by Daria Hoang, EIC ’17
When the Class of 2017 walks the stage in June, 45 students will also don a gold cord to celebrate their status as STEM’s first graduating class. In 2012, these students entered the then brand-new program, and have spent the last four years in a project-based, science- and math-oriented environment. At the time, San Marin was under probationary status by the Western Association of Schools and Colleges (WASC), but has since received accreditation and been selected as a Gold Ribbon high school. The STEM program, as well as the smARTt program, were instrumental in achieving this distinction.
The first of its kind at San Marin, the STEM program aims to engage students in a hands-on environment. Science department chair and STEM freshman physics teacher Nick Williams said of the program: “Our students are doing great work and are leaving San Marin with many excellent options.”
1. STEM seniors discuss being inaugural class, project-based learning
The STEM program’s founding doctrine lies in its commitment to project-based learning.
Several STEM students, like senior Archer Leida, have enjoyed PBL. “It taught me how to learn—not just how to memorize facts,” said Leida. “For me, that was really valuable: learning how to learn.”
Others praised STEM’s independent project. Several seniors are participants in building an airplane, a joint project with Gnoss Field which will take several years in order to complete; other shorter-term senior projects include designing apps and websites, and building guitars, among others. Senior Zach Roesler, who is building a motorcycle, said, “[Senior year] has been interesting for me…I was able to work on something I actually liked.”
Senior Engineering teacher Lori Moritz echoed the sentiment, saying, “[STEM] allows self-motivated students the freedom to explore what they are interested in and think outside of the box.”
At the same time, many seniors have expressed frustration with being the first class to run through the program. “We were the guinea pigs,” admitted senior Peter Hunt. “Sometimes that worked, but most times that really did not work out for us. There was a lack of experience so people didn’t understand how things were supposed to work. We probably wasted a bunch of time just trying to figure out the logistics of things.”
Seniors, like Poh Maga, reported mixed feelings. Maga said, “I think it’s done more good than harm, although there’s definitely a lot more room for improvement. Since we were the inaugural class, there were a lot of issues, like poor quality of teachers, oversight of curriculum, and general inconsistencies throughout the program.”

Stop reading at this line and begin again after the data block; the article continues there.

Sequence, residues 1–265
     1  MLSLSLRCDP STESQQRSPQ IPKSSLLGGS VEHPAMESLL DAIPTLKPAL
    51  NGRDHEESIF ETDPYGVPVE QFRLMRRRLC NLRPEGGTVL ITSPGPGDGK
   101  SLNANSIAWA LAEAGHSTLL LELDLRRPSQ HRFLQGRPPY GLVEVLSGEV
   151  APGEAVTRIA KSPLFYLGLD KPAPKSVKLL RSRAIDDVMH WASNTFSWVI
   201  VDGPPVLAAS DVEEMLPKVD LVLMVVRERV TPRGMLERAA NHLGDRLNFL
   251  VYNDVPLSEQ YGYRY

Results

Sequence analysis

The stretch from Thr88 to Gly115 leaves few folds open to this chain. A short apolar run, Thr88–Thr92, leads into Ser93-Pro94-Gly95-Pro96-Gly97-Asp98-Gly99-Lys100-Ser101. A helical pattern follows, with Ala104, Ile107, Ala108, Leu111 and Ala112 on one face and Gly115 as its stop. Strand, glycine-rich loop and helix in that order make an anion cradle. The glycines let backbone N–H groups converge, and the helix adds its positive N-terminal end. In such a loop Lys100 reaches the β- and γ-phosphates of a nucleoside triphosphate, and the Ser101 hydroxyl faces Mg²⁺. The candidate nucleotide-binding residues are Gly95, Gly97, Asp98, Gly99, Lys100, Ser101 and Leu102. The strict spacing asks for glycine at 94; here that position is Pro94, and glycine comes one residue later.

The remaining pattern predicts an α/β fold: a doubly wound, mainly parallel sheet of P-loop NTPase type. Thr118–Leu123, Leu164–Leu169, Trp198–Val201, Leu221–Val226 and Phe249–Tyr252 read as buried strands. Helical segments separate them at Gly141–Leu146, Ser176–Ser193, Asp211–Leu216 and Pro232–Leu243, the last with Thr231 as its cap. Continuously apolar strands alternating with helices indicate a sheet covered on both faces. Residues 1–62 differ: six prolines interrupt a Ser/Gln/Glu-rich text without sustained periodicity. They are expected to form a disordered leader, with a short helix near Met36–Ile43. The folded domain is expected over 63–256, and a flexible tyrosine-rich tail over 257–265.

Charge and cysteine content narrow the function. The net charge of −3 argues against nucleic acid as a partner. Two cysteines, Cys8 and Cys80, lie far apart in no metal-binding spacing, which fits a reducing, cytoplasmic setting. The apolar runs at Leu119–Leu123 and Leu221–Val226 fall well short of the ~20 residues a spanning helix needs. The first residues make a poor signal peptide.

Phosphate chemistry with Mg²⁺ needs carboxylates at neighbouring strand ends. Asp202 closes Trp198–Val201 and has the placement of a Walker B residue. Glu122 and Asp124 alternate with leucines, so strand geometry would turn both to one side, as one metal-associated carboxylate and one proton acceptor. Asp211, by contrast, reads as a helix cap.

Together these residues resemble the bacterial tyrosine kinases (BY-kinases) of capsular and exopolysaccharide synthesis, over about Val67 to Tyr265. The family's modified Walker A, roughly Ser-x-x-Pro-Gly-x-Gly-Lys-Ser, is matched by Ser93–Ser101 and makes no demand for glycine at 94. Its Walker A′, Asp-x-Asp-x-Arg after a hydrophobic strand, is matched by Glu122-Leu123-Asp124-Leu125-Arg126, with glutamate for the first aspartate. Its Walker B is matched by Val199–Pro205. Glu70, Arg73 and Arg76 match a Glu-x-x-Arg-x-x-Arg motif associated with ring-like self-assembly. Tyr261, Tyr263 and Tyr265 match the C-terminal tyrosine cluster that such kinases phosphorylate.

Senior Matt Iacovelli said that, while he felt that STEM provided him with “different skills…and a general feel for the sciences,” allowing him to figure out what he wanted to do as a career, he felt that STEM lacked academic teaching.
“We learned less concrete material,” said Iacovelli. “They were so busy teaching us hands-on things, trying to get us to do all these projects, that we weren’t able to cover—or even just touch base on—a lot of different topics.” That being said, Iacovelli acknowledged that, as STEM’s first graduating class, there was bound to be some “fumbling around.”
Senior Sarah Helmueller said that, in her junior Chemistry class, projects detracted from the learning experience. “What I expected from STEM Chemistry was for it to be challenging, or to give me a new perspective on the subject through PBL. I wasn’t so frustrated with not learning all the material because it wasn’t a priority for me, unlike some other students, because I’d already taken Chemistry at my previous school in Singapore. However, I noticed that even the general concepts of Chemistry were rushed and not fully explored, and there was definitely room for improvement within the projects.”
2. STEM teachers talk about project-based learning
In response to students’ concerns with the trade-off between PBL and direct instruction, Williams responded, “I disagree with the premise that PBL reduces the ability to cover topics in-depth. I think that comes from a misperception that the only way to learn things is to have someone directly tell you the information. When I look at the work that students are doing, they’re going into great depth in complex subjects and then using that knowledge to apply their learning in practical ways.”
Moritz noted that “nothing is perfect, and things can always approach closer to perfection.”
Of the student dissatisfaction with lack of learning content in the projects, Moritz said, “If this is happening, then projects should be tweaked to incorporate more skill development. Research indicates that skill development is best done through direct instruction and coaching…[but] it’s a tricky balance…The projects still need to be refined in terms of blending content and standards with the project implementation. This is currently being worked on, and will probably always need to be adjusted.”